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    \$\begingroup\$ Maybe this is what you want seanmiddleditch.com/… \$\endgroup\$ – concept3d Oct 6 '16 at 15:53
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    \$\begingroup\$ plflib.org/colony.htm is another library that might meet your needs \$\endgroup\$ – amitp Oct 8 '16 at 2:11
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The simplest container that fulfills the requirements you stated is std::list.

In this particular case, you shouldn't be using vectors, not just because adding new elements may invalidate references and iterators, but (and I am surprised no one mentioned it in the comments) because as you insert new elements, you are repeatedly re-allocating memory for the whole vector, which is inefficient.

Please have a look here to learn more about std::list. In fact, I would recommend familiarising yourself with the remaining STL containers (vector, list, set and map is all you need to make "informed" choices when deciding on what container to use, other containers are either their variation or are fairly specialised).

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  • \$\begingroup\$ Thanks for this suggestion - std::list looks good, my only reservation would be the need to access arbitrary elements within the list (i.e. elements from the middle rather the front or back). Does this have a significant impact on performance compared to doing the same for a vector? \$\endgroup\$ – nathanburns Oct 6 '16 at 19:50
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    \$\begingroup\$ std::list does not support accessing random elements as such, you can, however, obtain a pointer to an element after it's been inserted and then store it (as you intended to do with vector elements in the question). When accessing an element by pointer, it makes no difference what container it is stored in in terms of performance (it does make a difference, in that a pointer to a list element will remain valid for as long as that element is not removed). \$\endgroup\$ – user91745 Oct 6 '16 at 21:00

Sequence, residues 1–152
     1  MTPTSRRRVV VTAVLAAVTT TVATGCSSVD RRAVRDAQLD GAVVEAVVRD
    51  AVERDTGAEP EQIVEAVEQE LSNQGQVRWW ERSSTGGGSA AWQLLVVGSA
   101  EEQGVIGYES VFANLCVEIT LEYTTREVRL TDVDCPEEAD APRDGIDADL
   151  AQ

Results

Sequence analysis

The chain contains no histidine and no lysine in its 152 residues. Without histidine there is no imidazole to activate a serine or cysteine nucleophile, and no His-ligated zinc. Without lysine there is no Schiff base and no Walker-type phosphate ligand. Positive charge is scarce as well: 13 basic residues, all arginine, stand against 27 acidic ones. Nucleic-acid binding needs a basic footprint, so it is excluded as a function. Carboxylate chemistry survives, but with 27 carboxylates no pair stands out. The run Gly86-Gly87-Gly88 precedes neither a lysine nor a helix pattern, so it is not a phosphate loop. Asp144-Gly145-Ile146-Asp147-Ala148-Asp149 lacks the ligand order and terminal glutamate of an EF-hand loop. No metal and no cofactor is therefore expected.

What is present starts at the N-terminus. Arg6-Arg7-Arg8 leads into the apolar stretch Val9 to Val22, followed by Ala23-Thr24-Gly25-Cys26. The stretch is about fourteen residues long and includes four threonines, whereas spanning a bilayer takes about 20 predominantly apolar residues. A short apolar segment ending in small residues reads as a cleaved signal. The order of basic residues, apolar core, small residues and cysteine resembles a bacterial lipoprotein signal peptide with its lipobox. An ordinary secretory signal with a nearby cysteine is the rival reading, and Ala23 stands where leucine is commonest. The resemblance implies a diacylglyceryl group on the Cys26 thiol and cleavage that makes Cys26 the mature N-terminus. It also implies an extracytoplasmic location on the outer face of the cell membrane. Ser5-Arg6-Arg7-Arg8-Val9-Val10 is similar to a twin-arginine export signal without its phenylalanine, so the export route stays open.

• \$\begingroup\$ Thanks wildQuoll - looks like lists are the best thing for this. I'm unfamiliar with some of the intricacies (e.g. iterators) but the fact that they don't reallocate memory on change of capacity is key. Also props to @concept3d for an alternative that appears to be a workaround to the vector memory reallocation issue \$\endgroup\$ – nathanburns Oct 7 '16 at 9:51
  • \$\begingroup\$ @wildQuoll An iterator to the object in the list would also be ok, no need to carry a pointer to it. \$\endgroup\$ – Vaillancourt Oct 25 '16 at 11:08
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http://en.cppreference.com/w/cpp/container/deque std::deque

You still get a operator[] for random access, and can do deque[5] without needing to search through your container.

Your pointers are memory stable (auto* j = &deque[5]; deque.push_back(); *j; is always valid.)

Memory linearity is better then std::list, since it organizes in buckets rather then a pointer to every element.

At the end of the day, std::vector or even std::array is always going to be better performing.

So I do recommend trying to vector.reserve(MAX_OBJECTS); if you have a max amount of objects.

By calling reserve, you will both have memory stable pointers to those objects until pushed over the limit and you'll only have one memory allocation.